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regular-article-logo Saturday, 20 July 2024

Foreign portfolio investors scurry out of Indian debt market due to Iran-Israel conflict

FPIs were net sellers to the tune of Rs 3,653.70 crore on April 4, Rs 848.87 crore on April 5, Rs 1,626 crore on April 8, and Rs 1,766 crore on April 15

Our Special Correspondent Mumbai Published 24.04.24, 12:21 PM
Representational image

Representational image Sourced by the Telegraph

Overseas investors are starting to whittle their debt portfolios and scurry back into the safety of US treasuries, gold and the greenback.

Blame it all on the surge in geopolitical tensions, the persistently high rate of inflation in the US and the US Fed’s increasing reluctance to cut interest rates in a hurry.

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Overseas investors had ploughed Rs 19,837 crore into domestic debt in January and increased it to Rs 22,419 crore in the following month. But data from the NSDL shows that they have suddenly lost their appetite for Indian securities. Their net investment in debt declined to Rs 13,602 crore in March. In April, they have turned net sellers and have sold bonds worth Rs 6049 crore.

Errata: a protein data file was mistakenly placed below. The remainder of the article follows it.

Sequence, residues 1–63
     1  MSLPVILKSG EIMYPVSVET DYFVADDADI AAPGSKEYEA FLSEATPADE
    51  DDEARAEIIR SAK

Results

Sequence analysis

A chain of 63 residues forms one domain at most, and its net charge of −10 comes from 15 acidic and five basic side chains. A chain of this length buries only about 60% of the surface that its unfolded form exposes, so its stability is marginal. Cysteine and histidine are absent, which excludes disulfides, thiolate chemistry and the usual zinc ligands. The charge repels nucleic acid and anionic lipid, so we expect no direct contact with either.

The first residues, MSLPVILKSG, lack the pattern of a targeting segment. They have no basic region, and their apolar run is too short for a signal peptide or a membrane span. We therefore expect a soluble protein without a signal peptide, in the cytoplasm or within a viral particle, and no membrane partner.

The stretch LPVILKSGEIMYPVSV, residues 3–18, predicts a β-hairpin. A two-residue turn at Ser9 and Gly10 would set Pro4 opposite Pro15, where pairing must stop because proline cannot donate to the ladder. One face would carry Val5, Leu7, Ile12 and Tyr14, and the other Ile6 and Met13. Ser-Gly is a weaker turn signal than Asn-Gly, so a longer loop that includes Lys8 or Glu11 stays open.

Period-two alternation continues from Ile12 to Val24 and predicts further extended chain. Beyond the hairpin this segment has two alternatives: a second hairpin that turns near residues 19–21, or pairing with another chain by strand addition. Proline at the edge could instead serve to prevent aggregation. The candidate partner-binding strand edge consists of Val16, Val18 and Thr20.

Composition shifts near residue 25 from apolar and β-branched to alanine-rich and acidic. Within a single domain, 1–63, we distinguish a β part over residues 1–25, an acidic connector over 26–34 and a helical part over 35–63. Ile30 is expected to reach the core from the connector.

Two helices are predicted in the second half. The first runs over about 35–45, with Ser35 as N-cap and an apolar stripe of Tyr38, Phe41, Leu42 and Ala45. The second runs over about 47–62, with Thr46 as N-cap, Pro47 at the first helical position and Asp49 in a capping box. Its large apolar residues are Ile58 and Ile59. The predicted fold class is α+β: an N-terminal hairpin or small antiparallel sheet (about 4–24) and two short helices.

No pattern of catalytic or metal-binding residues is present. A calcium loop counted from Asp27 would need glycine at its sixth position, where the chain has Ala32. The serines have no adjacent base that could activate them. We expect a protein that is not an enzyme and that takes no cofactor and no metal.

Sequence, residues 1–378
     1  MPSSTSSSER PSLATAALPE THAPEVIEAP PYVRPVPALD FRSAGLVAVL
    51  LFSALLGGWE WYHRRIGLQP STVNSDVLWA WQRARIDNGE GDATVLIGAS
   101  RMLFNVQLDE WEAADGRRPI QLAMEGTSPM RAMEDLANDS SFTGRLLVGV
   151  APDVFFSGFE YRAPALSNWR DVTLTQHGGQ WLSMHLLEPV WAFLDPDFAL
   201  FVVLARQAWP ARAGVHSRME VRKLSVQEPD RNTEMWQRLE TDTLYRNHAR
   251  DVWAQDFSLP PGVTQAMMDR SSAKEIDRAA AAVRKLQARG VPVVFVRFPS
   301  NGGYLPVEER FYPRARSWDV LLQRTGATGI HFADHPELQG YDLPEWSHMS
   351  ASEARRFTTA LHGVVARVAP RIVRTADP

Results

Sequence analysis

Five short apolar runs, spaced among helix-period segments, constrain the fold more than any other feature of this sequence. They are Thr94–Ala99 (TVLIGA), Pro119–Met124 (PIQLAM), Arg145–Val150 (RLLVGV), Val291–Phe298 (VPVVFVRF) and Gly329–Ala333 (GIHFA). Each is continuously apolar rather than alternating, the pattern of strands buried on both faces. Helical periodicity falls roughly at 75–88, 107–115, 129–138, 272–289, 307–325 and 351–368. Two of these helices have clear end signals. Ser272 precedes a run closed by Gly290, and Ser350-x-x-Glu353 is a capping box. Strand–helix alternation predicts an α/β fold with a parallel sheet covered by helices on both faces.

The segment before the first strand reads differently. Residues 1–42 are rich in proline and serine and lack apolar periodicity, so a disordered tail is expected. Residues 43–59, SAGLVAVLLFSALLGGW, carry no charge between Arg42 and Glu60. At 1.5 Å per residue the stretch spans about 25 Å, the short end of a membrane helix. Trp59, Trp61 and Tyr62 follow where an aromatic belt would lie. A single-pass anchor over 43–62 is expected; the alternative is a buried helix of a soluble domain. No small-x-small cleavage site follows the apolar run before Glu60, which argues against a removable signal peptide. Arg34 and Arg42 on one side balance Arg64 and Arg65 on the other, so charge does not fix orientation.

Analysts said the trend has accentuated after the outbreak of the Israel-Iran conflict that saw Tehran launching an attack on April 13.

The US-based investors have been spooked by the high CPI inflation in the US which rose to a strong-than-expected 3.5 per cent in March. The surge in inflation and the strong employment numbers have indicated that the haul back to the Fed’s 2 per cent inflation target could take longer than expected.

FPIs were net sellers to the tune of Rs 3,653.70 crore on April 4, Rs 848.87 crore on April 5, Rs 1,626 crore on April 8, and Rs 1,766 crore on April 15.

Market circles added that this trend is not likely to stay for long since India’s inclusion into the global bond indices could see more inflows.

Last September, JP Morgan had announced the inclusion of India government bonds into its Government Bond Index-Emerging Markets (GBI-EM) beginning June 2024.

“We also have the general elections which is underway. If the current regime returns with a solid majority, FPI investments could rise both in equities and debt. Meanwhile, a relieving factor is that both Israel and Iran have indicated that they do not intend to escalate their conflict into a full-fledged war,” said an analyst from a foreign brokerage.

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